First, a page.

The point man on this job, who envisaged furnishing the old inundation canals with regulator-controlled headworks to control flow, was the young J. G. Fife, lieutenant (later general) of the corps of Royal Engineers. With water losses minimised due to controlled flow, figured Fife, a number of subsidiary canals taking off from the Nara could slake a large desert area.

From the hand-written notes and letters he left behind, Fife considered the project as the crowning glory of his career as evident by his unrelenting desperation to secure funds and start work as early as possible. Except the government’s priority lay elsewhere: another scheme floated by the chief engineer of the province envisaged a canal taking off from the Indus at Rohri to carry water down to Hyderabad through territory west of the desert deemed more fertile than the desert of Nara.

As Fife grit his teeth between sending reports and petitions for funds, work on the Nara remained in abeyance. Persistence paid off, however, and Fife’s dream appeared closer to realization in the summer of 1859 when the 20 kilometre-long Nara Supply Channel connected the abandoned stream with the Indus. The dedicated Fife now began to press for the network that would eventually transform desert into farmland east of Nawabshah and Sanghar.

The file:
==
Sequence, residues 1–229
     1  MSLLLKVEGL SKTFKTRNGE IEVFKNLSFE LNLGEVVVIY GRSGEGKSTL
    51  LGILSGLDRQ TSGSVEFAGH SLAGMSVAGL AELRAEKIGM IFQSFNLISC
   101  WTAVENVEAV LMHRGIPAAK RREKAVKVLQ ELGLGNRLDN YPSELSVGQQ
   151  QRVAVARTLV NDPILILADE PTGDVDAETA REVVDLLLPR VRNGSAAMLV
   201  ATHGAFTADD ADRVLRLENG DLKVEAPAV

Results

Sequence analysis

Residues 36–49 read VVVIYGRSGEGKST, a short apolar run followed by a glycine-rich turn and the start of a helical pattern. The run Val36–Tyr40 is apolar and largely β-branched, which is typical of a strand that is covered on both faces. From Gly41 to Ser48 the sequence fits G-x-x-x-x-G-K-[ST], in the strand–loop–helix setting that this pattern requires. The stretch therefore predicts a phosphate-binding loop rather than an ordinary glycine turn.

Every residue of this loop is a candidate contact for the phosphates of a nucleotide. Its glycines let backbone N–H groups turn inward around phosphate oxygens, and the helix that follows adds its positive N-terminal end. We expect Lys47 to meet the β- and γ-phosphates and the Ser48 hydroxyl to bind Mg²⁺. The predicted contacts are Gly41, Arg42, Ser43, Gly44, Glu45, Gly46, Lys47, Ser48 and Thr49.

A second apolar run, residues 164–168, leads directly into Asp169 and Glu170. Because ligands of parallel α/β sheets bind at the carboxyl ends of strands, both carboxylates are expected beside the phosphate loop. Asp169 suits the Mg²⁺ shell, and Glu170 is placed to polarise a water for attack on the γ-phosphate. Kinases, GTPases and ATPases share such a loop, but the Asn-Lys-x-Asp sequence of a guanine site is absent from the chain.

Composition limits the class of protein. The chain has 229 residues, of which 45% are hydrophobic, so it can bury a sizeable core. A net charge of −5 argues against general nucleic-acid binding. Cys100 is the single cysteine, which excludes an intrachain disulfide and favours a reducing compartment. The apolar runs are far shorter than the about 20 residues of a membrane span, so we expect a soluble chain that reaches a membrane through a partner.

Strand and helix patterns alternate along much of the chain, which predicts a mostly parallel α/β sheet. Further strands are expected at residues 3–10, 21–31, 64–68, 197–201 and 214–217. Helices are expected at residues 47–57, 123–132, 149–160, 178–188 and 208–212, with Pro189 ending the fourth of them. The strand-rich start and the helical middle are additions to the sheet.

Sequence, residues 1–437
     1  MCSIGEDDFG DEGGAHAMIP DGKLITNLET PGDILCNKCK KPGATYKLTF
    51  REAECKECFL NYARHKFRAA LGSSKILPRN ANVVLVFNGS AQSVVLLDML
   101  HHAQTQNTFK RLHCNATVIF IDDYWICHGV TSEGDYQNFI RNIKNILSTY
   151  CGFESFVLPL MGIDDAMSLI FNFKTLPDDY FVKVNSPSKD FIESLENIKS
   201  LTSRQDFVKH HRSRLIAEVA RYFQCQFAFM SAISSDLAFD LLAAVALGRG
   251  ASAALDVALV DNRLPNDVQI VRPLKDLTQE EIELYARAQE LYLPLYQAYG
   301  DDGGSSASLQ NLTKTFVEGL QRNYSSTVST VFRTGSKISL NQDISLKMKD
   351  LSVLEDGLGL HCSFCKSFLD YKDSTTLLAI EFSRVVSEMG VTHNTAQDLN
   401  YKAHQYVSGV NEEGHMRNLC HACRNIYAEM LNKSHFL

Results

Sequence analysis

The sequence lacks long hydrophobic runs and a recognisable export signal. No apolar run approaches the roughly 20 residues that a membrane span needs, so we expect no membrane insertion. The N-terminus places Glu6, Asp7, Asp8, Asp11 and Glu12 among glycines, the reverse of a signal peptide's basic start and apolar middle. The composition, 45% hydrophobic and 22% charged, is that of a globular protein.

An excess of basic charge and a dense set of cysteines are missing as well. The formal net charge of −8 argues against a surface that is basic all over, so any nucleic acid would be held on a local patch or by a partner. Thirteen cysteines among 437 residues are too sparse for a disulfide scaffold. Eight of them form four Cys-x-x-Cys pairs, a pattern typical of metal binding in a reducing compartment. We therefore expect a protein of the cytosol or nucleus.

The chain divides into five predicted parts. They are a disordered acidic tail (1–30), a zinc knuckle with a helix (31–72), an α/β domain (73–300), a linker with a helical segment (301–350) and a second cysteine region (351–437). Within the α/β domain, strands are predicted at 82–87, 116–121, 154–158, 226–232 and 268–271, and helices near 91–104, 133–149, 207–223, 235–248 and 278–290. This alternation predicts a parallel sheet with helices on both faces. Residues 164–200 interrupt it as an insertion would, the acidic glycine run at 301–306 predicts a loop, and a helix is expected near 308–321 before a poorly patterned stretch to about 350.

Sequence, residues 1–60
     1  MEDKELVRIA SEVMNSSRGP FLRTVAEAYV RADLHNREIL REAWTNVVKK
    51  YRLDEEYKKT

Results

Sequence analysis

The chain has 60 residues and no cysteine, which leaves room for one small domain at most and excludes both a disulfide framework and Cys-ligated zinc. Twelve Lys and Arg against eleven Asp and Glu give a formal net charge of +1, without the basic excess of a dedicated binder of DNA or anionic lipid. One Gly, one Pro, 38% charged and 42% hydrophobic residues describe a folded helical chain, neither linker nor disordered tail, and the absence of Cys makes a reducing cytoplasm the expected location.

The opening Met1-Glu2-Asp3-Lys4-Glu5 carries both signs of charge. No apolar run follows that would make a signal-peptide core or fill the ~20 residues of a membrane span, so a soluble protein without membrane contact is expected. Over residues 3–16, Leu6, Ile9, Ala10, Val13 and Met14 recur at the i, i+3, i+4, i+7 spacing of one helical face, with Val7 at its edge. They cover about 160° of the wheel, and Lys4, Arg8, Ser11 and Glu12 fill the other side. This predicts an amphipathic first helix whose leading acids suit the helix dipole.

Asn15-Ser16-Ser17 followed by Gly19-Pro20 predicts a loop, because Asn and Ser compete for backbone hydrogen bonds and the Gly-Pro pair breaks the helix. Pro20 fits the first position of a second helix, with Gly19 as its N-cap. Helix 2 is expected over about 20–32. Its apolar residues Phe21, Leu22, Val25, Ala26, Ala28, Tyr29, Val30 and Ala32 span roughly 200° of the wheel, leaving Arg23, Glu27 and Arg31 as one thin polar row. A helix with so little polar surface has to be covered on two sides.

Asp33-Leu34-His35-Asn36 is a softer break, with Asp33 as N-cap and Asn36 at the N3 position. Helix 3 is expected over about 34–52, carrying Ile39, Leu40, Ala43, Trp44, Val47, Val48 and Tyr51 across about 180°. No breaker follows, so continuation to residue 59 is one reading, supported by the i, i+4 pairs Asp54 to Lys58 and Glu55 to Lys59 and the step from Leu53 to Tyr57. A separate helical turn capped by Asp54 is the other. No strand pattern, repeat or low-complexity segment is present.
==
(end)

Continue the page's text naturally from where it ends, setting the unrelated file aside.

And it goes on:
On Fife’s projected network taking off from the rejuvenated Nara, a letter from 1860 originating from the chief engineer’s office contended “no one can doubt that they will create a most beneficial change in the welfare of the Province, and enable it to pay a very much larger revenue than it does at present.” That said, the reigning viewpoint among the British at the time was to resuscitate and improve abandoned waterways rather than embarking on untried projects demanding a large quantum of excavation, civil works and resultant expenditure. And the estimated cost of only the Jamrao Canal with its stone and steel regulator standing upward of Rs. 700,000 stalled the project yet again.